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Wednesday
Sep062017

Ask Dr. Barb: Strike a balance to join new community 

Dear Dr. Barb:

My family recently moved to a community that has, for me, a troubling level of openness. The neighborhood kids are allowed to enter the homes of their friends at will. No knocking, no announcements. Of course, we could keep our doors locked, but I already have the challenge of being a working mom in a community where many moms stay at home. I want my children to be able to make friends and feel like they fit in, but my husband and I are a little too private to feel comfortable with this practice, and on weekends, we often need to just decompress from the work week. How can we maintain our privacy and still be well-received in our new neighborhood?


Dear Reader,

Balancing your own needs for privacy and relaxation while meeting your kids’ social needs is a normal challenge with reasonable solutions. It seems you are very concerned about kids barging in to your home at all hours. You are probably worrying about this problem more than you should be. As you point out, you can keep your doors locked — at least for reasons of safety.

 

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Monday
Jul242017

Ask Dr. Barb: Embracing change in my new workplace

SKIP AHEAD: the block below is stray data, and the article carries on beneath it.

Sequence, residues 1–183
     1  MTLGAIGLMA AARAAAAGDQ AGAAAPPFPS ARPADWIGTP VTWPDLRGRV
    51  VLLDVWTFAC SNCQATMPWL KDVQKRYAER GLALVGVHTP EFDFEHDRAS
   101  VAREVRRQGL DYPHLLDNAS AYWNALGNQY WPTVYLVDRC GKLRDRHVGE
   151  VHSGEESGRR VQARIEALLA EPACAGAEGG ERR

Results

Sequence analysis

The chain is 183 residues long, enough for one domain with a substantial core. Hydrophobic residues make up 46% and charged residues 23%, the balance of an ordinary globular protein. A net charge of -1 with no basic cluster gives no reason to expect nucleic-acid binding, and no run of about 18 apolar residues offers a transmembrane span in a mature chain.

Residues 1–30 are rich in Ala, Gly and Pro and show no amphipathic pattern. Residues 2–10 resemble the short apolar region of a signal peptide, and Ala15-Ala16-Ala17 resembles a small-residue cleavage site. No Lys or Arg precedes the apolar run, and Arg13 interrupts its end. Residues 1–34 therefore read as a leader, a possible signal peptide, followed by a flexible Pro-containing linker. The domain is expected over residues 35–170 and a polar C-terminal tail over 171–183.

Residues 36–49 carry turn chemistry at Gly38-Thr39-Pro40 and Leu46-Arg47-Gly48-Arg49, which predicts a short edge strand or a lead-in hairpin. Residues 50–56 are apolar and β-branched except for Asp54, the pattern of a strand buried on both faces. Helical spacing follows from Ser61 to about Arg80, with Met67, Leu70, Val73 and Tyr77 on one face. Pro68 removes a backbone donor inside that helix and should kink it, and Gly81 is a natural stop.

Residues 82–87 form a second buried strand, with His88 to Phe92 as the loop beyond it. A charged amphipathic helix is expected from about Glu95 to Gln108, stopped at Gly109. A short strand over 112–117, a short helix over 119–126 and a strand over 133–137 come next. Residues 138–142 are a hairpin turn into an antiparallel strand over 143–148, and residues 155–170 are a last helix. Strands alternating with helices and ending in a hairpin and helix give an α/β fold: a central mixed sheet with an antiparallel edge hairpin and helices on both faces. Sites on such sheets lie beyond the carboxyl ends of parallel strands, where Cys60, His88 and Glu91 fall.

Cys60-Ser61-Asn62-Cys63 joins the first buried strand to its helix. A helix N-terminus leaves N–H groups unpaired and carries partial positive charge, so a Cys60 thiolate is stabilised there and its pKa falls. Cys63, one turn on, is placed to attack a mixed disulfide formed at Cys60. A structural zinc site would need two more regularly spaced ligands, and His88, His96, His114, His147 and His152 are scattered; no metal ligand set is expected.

Dear Readers:

In May, I had to move unexpectedly from my office of 29 years after having received notice that the building had been sold. Even when planned, moving to a new office, like moving to a new home, is definitely is a sressful event. I wanted to write about my experiences in the event they can be helpful to others.

I have now completed Week Six in my new office. Looking around, it seems almost miraculous that most of my belongings moved with me and everything, including myself, is in working order. The movers did a wonderful job, and moving day itself turned out to be the easier part of the process. It was everything leading up to the big day that seemed more mentally challenging.

 

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Wednesday
May032017

Ask Dr. Barb: Teen's death raises suicide concerns 

Dear Dr. Barb: A close friend of my 13-year-old niece  died suddenly. The girl hadn’t been ill, and some suspect suicide. The school sent suggestions on how to help grieving teens, but I don’t think it’s enough. Some parents haven’t been discreet in mentioning the suspected suicide. My niece and her classmates know their friend’s parents were in the middle of a bitter divorce. I don’t want them to think suicide is an answer to despair or any teen problem. What can I do to help?

 

Dear Reader,

 

Losing a friend or family member in sudden death is extremely upsetting in and of itself; however, losing someone close due to a possible suicide is one of the most devastating losses a person will ever experience. In this case, the lack of clarity about the classmate’s death can only intensify the feelings of grief.

 

Grief is a natural response to losing someone to whom you are close. This internal pain can affect an individual emotionally, physically, mentally and even spiritually. Grief can be experienced as feelings of numbness, sadness, confusion, anxiety, despair, shame, guilt or anger. Such feelings may progress in stages, and there is no exact timeline. How one grieves usually depends on the nature of the loss as well as one’s personality, coping style, religion and life experience.